Picture of psoas from here).
Sharath is known for telling students "no dancing" when leading UHP, so much so that there is a t-shirt that reads so. And no dancing is no easy feast for me as seen at 0:45". I have my days in which I actually get totally focused and do not dance, but they are rare.
I have actually noticed a relation between how I hold my balance in UH and how I hold my equanimity throughout the day later on, so much so that I have began to pay very close attention to the quality of the pose, and to be real present for it, least it breaks my peace when it counts the most, out of the mat.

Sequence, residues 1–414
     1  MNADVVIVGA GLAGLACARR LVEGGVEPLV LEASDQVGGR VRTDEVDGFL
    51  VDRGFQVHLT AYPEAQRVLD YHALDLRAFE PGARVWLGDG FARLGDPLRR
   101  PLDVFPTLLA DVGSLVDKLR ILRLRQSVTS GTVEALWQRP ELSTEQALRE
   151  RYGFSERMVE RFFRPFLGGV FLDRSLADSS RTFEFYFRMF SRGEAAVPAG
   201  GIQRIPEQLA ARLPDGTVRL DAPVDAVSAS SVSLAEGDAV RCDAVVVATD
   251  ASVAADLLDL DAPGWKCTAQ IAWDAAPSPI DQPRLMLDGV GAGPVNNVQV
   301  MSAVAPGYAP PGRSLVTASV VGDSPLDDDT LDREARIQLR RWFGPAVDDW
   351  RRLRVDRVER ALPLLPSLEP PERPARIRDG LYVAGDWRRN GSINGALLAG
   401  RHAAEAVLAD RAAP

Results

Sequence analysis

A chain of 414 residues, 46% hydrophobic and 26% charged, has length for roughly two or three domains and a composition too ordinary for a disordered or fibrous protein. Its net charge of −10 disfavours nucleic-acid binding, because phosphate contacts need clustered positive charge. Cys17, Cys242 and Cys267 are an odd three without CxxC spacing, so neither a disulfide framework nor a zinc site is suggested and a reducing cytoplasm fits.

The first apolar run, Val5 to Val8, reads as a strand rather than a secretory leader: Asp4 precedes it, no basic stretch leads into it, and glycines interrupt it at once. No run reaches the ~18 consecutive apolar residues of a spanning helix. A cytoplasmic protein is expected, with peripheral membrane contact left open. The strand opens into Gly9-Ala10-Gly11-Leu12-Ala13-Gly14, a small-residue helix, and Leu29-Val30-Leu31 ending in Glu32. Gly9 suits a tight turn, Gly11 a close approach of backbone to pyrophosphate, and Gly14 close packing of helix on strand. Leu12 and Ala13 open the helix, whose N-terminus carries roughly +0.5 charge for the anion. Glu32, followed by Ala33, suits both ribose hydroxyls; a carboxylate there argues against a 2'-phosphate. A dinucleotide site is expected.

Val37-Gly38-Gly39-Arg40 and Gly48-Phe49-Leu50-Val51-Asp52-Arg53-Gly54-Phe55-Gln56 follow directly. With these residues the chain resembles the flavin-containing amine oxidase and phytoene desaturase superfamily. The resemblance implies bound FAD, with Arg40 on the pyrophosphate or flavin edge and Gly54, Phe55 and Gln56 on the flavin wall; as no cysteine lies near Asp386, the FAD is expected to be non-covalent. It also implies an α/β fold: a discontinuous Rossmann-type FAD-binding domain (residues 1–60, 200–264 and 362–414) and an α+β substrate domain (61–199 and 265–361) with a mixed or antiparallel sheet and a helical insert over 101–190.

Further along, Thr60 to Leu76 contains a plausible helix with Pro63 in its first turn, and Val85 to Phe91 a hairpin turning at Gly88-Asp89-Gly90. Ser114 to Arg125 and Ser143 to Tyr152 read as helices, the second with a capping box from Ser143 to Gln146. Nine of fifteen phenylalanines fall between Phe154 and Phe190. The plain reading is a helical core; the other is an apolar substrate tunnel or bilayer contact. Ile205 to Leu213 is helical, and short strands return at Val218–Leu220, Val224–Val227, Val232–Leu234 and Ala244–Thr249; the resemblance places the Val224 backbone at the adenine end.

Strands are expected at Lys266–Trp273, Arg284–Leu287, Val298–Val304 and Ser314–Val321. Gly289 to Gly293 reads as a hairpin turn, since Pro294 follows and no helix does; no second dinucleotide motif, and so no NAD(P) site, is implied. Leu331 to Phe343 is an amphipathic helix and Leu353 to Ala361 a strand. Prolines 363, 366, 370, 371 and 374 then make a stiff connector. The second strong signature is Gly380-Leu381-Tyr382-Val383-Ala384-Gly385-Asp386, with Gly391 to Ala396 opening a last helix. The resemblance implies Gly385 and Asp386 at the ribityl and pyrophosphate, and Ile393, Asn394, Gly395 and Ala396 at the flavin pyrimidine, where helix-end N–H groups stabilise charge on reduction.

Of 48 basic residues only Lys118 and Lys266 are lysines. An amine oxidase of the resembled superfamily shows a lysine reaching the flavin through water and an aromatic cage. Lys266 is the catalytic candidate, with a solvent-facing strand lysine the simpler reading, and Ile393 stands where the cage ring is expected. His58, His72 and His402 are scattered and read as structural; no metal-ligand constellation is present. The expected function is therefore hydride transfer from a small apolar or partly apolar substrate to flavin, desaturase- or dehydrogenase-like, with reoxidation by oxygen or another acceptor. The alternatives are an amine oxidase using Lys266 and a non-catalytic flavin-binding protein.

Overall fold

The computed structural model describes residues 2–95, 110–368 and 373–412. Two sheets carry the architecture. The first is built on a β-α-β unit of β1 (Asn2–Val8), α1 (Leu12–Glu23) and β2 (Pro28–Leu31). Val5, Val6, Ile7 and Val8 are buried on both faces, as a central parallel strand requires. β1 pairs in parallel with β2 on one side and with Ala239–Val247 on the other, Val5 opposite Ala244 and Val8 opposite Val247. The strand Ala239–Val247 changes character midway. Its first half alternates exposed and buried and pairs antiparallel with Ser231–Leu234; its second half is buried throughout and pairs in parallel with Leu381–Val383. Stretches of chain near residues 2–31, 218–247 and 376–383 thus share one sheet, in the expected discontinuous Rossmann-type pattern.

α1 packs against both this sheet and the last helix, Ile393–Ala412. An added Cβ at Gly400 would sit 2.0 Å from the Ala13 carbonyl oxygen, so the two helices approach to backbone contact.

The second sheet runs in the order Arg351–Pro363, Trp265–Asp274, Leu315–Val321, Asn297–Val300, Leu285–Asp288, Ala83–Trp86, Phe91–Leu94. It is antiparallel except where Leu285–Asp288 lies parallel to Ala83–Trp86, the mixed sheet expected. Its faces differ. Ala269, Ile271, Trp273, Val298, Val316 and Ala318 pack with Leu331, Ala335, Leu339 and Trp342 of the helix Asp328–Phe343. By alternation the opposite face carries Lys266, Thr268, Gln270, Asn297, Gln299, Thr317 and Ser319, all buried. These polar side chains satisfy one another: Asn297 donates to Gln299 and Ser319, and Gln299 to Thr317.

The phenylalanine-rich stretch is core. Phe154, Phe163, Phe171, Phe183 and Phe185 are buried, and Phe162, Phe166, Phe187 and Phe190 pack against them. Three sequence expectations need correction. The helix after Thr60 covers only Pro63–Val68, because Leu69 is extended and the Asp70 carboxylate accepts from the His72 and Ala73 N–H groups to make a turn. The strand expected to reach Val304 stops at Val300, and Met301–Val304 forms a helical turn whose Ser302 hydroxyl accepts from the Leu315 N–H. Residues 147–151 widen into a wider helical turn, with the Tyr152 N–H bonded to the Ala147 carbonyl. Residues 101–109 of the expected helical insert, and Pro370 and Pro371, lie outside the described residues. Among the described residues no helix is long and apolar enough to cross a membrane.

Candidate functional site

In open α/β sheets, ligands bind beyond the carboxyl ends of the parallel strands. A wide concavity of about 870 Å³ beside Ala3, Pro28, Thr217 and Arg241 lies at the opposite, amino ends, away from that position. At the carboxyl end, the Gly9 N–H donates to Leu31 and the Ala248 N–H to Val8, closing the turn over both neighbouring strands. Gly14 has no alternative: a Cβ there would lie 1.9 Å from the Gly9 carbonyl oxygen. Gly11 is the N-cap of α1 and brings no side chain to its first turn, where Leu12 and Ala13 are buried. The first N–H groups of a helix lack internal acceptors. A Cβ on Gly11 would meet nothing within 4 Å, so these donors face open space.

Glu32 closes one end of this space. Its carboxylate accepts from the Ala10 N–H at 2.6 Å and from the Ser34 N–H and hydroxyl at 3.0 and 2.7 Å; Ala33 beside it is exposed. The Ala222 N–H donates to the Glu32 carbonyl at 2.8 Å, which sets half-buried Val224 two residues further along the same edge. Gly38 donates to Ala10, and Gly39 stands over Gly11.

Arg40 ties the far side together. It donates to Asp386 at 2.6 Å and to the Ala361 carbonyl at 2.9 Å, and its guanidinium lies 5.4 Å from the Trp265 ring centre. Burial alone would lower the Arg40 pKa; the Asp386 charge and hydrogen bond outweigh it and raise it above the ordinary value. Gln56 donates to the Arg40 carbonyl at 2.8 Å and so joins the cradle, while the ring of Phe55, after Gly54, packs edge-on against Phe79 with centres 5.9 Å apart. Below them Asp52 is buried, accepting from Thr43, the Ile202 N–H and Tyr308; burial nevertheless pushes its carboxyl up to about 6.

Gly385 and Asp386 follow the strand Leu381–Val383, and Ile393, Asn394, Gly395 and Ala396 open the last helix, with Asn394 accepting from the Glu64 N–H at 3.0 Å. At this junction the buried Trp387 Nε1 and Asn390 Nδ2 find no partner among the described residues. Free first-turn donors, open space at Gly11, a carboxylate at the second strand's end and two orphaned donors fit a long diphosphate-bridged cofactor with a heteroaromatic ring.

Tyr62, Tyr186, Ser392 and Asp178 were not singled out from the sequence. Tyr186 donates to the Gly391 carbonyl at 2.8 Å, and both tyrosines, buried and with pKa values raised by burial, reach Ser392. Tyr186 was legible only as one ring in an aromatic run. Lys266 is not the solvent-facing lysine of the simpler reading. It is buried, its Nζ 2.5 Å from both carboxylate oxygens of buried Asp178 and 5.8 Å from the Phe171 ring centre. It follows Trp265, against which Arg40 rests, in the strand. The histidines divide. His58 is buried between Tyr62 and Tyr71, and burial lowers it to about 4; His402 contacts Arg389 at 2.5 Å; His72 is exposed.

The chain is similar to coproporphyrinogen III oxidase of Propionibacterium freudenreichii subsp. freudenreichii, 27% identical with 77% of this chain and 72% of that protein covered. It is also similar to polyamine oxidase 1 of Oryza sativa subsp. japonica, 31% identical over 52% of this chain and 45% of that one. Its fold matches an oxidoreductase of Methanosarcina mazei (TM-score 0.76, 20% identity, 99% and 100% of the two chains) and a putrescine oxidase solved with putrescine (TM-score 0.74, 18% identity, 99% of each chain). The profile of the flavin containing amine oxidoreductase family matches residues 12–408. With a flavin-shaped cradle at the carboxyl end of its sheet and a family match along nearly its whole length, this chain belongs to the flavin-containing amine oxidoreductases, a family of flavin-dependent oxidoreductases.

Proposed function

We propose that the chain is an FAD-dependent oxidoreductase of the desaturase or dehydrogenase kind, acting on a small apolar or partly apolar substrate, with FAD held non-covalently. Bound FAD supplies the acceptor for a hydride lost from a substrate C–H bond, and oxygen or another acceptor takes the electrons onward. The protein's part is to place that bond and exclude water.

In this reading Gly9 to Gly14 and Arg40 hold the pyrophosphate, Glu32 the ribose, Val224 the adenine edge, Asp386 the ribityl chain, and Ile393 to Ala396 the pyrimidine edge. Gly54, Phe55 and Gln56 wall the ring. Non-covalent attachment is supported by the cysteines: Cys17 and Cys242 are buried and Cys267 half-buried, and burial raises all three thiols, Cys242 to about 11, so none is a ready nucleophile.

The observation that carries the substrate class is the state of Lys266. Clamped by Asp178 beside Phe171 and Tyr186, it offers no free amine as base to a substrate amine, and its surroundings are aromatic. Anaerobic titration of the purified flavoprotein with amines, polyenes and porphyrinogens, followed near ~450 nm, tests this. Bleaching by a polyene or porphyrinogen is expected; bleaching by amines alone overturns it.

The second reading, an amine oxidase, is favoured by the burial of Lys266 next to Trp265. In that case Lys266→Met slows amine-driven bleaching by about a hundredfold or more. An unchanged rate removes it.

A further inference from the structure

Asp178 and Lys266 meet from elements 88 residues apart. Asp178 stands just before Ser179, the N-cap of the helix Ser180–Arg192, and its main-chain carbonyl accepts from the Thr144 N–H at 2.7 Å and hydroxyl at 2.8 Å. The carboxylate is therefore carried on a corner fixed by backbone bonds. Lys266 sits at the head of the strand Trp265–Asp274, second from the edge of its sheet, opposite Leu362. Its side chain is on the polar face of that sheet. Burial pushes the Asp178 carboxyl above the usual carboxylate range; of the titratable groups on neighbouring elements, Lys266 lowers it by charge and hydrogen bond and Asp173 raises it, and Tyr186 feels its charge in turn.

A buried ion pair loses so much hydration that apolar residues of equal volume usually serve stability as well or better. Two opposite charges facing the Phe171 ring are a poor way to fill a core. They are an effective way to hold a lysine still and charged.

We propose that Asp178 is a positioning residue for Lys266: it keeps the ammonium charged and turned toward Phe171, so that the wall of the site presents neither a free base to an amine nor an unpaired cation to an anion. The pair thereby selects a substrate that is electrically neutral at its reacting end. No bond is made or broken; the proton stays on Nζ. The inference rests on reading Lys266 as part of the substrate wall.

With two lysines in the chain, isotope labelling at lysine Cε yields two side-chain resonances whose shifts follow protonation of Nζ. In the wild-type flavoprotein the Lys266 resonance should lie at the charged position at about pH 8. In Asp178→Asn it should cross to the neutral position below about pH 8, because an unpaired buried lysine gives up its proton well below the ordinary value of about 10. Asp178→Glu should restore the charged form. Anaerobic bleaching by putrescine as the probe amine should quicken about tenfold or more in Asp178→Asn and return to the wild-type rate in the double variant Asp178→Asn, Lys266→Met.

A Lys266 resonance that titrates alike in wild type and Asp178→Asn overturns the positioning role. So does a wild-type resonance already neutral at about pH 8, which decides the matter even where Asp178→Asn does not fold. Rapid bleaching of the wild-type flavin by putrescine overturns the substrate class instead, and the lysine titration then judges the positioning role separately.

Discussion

I started practicing UH almost 6 years ago when I was building up to practicing the whole primary series and I just remember that I used to do it by a fire place in my old house in New Jersey, and holding on to it. It is amazing to me to see the progress, how the fire place becomes background, a pretty one indeed, after a while, and how practicing UH in the middle of the room is an every day assumption. Oh the wonders of daily practice! I am so ever grateful.
Mysore teachers out there, what can you tell just by looking at a practitioners do U.H.P?
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